The Truth by Michael Palin, abridged by Libby Spurrier

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Book at Bedtime on BBC Radio 4

BBC Radio 4, 2-13 July 2012
Keith Mabbut is at a crossroads in life. In his mid-fifties, he has seen a once-promising journalistic career decline into mediocrity, writing histories for business who tell him what to put down for propagandist purposes. Suddenly an offer comes from his agent Silla to write the life of Hamish Melville, activist and fighter for numerous causes across various nations. Melville is notoriously publicity-shy, but Mabbut rediscovers his journalistic instincts and tracks the activist to India. There Mabbut becomes involved in a series of escapades, often putting his personal safety at risk.
As I listened to Alex Jennings' reading of the novel, in which he showed his talent for voices - Highland and Lowland Scots, Standard MP drawl, Iranian refugee and educated Hindi - I became more and more aware that The Truth is not about a character called 'Keith Mabbut,' but rather concerns Palin himself. Ever since he made Around the World in Eighty Days for the BBC, he appears to have had the wanderlust; the desire to visit out-of-the-way places worldwide in the hope of discovering new and exciting experiences. This is precisely what drives Mabbut to write Melville's life.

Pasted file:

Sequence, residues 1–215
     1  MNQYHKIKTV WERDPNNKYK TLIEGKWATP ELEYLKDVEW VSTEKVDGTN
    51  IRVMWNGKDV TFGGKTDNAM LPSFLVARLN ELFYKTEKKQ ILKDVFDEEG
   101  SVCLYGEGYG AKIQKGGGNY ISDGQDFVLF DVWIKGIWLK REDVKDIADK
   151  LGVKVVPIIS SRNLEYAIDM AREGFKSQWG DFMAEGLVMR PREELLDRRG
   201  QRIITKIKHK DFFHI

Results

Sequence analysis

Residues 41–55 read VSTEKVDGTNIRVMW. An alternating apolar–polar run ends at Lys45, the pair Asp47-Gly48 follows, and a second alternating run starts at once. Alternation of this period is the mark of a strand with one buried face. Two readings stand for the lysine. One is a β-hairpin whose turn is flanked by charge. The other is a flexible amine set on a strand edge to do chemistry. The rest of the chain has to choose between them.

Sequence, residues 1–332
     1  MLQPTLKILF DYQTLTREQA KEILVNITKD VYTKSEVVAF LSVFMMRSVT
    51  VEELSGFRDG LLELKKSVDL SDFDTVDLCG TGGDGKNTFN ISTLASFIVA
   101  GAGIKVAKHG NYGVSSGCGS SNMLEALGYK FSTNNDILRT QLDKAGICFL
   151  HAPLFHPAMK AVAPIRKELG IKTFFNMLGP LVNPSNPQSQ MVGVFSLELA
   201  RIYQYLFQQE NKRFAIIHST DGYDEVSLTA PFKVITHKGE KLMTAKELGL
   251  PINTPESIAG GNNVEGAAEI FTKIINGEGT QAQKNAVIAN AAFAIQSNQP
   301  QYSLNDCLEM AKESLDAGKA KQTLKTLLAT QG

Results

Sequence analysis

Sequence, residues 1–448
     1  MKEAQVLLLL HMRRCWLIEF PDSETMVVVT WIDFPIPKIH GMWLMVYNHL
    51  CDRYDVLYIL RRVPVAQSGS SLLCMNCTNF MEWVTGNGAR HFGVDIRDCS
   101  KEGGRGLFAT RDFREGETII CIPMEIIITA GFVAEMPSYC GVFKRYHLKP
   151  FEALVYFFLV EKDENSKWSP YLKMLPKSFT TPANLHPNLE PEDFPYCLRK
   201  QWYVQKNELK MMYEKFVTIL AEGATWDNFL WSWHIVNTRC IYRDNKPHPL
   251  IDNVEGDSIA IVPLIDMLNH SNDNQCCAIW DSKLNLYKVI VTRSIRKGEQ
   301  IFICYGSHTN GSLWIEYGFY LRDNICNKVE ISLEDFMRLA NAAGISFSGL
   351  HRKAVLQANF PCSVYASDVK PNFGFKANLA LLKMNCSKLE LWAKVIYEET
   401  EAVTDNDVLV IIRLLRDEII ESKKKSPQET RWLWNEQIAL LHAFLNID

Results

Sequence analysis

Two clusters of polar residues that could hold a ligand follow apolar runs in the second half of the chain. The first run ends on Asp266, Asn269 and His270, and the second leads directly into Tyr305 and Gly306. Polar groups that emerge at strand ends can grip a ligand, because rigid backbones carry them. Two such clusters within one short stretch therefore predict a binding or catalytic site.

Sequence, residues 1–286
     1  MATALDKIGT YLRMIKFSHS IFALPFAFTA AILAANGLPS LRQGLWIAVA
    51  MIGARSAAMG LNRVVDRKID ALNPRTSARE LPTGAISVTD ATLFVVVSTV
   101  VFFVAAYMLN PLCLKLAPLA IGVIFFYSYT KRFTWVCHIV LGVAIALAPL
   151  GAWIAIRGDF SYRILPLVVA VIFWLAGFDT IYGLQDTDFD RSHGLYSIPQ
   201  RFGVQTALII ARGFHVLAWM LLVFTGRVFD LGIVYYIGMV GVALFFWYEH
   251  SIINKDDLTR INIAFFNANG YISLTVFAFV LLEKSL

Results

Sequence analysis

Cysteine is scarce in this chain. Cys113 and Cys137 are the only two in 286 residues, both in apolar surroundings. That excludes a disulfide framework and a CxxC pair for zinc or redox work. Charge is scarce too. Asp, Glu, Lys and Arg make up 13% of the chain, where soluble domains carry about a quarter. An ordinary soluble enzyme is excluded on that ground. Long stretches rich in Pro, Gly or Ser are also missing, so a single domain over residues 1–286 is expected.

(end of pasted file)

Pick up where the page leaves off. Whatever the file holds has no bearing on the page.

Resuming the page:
However there is an interesting irony here; the further Palin travels, and the more he describes what he sees around him, the more we understand his subject position: his travel programmes tell us more about Palin himself than the places he visits. The same also applies to The Truth; there is little attempt to analyse the central character's state of mind, but plenty of description of what Mabbut witnesses in India - the people, the places, the hustle and bustle. Many of these descriptions wouldn't look out of place in a Forster novel, proving beyond doubt that the Passage to India mentality survives, even though it's six decades since India obtained independence.